Major League Baseball had its annual trade deadline last week. It’s a last opportunity for teams whose seasons aren’t going as well as expected to prepare for the future, usually by trading away veteran players expected to leave as free agents in the offseason to gain prospects who will help the franchise down the road.
Some teams take a more aggressive approach. The Angels employ the best player in baseball in Shohei Ohtani. He’s expected to leave for a team more likely to win the World Series when he becomes a free agent in the fall, and most observers expected him to be traded so the Angels could get something back when he departs.
Instead, the Angels were active in acquiring more players to improve the team and make it a more appealing place for Ohtani to remain when he chooses his future home in a few months.
The worst thing a team can do when faced with players who might be looking for greener pastures is to point to the contract the player signed and declare that everything will be fine until that contract expires.
In other words, the ACC approach.
For months, there have been reports that several members of the ACC are unhappy with the conference’s revenue when compared to fellow conferences like the SEC and Big Ten. Florida State has been the most vocal critic.
“We are not satisfied with our current situation,” Florida State President Richard McCullough said last week. “We love the ACC and our partners at ESPN. Our goal would be to stay in the ACC, but staying in the ACC under the current situation is hard for us to figure out how to remain competitive unless there were a major change in the revenue distribution. That has not happened.”
That statement came after the ACC implemented its so-called iron-clad grant of rights, which carries heavy financial penalties if schools depart. It came after the league came up with a better revenue model in the spring, allowing schools to keep more of what they earn instead of sharing it. And it came after commissioner Jim Phillips pointed out that the ACC was third in revenue among big conferences, and “third is certainly a good position.”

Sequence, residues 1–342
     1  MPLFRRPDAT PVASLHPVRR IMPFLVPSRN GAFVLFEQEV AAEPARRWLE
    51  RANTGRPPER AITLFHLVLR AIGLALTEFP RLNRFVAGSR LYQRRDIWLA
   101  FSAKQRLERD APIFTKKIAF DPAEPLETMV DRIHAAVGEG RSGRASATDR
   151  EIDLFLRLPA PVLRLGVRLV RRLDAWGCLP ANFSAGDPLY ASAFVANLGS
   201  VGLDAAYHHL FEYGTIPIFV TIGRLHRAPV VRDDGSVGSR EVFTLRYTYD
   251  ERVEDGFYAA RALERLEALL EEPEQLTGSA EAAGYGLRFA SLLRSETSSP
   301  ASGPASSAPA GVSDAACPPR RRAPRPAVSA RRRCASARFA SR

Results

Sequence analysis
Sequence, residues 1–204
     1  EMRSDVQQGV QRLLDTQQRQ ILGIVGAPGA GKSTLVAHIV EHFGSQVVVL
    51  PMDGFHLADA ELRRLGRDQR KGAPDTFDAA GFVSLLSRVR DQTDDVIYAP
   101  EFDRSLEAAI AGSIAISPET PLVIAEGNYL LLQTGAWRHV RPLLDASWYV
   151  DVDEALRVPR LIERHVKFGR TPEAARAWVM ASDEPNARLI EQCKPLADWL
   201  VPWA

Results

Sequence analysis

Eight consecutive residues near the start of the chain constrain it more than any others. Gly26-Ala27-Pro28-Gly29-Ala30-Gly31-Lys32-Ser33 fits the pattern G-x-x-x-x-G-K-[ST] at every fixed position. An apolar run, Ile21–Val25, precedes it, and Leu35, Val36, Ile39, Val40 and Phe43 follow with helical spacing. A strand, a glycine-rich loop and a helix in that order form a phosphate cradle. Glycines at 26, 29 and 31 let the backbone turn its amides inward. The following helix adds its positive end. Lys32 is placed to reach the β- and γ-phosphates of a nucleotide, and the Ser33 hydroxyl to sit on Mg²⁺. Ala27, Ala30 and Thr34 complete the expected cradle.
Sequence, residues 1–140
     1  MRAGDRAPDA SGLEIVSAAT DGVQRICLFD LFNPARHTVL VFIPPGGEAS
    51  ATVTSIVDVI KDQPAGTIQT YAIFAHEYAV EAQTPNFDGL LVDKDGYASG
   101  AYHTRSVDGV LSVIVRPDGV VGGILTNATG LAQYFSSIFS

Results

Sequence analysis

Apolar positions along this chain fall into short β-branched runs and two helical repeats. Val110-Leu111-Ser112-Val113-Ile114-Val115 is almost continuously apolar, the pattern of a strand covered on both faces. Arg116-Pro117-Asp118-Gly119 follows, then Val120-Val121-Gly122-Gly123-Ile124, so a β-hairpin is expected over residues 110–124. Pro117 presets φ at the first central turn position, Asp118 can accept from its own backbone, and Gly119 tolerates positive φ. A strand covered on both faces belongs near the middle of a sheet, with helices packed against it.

Clemson has also been reported to be unhappy with the revenue situation, and other big earners in the conference — including Miami, UNC, NC State, Virginia and Virginia Tech — have shown that they also would be willing to join a revolution and/or mass defection from the league.
So the ACC appears to be the St. Louis Cardinals of the Power Five. They have plenty of members under contract who are ready to leave as soon as the agreement expires in 2036.
Like the Cardinals and Angels, the ACC has three choices: Act now to prepare for the future, even if it means some key contributors are gone; act now to make the conference more appealing for those big hitters to stick around; or do nothing because everyone is under contract for a little while longer.
Like it or not, college sports is moving toward a few mega conferences. It will include the Big Ten, SEC and Big 12, which has gone from the endangered list to a major player by grabbing several Pac-12 schools to add to its roster.
Meanwhile, the ACC has not added anyone. Its third-place revenue position, which seems likely to drop to fourth with the reborn Big 12 on the ascent, makes it less attractive a landing spot, and the fact that more than a half-dozen teams appear to be looking at the door also isn’t a selling point.
However, even if the current approach works — even if the legal teams from the seven schools looking to break away can’t find a loophole in the grant of rights binding everyone to the league — there doesn’t appear to be an endgame for the ACC.
If everyone stays put through 2036, what do we have? A fourth-place league, smaller and less influential than the Power Three. The better programs make more than the others, but still not enough to match the lure of the SEC and Big Ten. The league remains a small, boutique basketball league that has its moments in football — until 2036 when it ceases to exist the moment the grant of rights expires.
Alternatively, the league already has seven members unhappy. The new revenue plan clearly isn’t enough to calm their concerns, as FSU’s president proclaimed at the board meeting. On the other hand, seeing their payout get cut in favor of the FSUs and Clemsons may cause dissatisfaction with the revenue model to spread to the have-nots in the league. And eventually, the number of unhappy schools will reach a critical mass, because all it takes to change the rules — including grant of rights agreements — is a vote among members.
The ACC is running out of options as each Pac-12 school announces its new conference home. The league office needs to realize that a contract is not a plan and that legally binding doesn’t mean security for the future.
It may already be too late, but if not, that deadline is coming. It’s time to make a deal.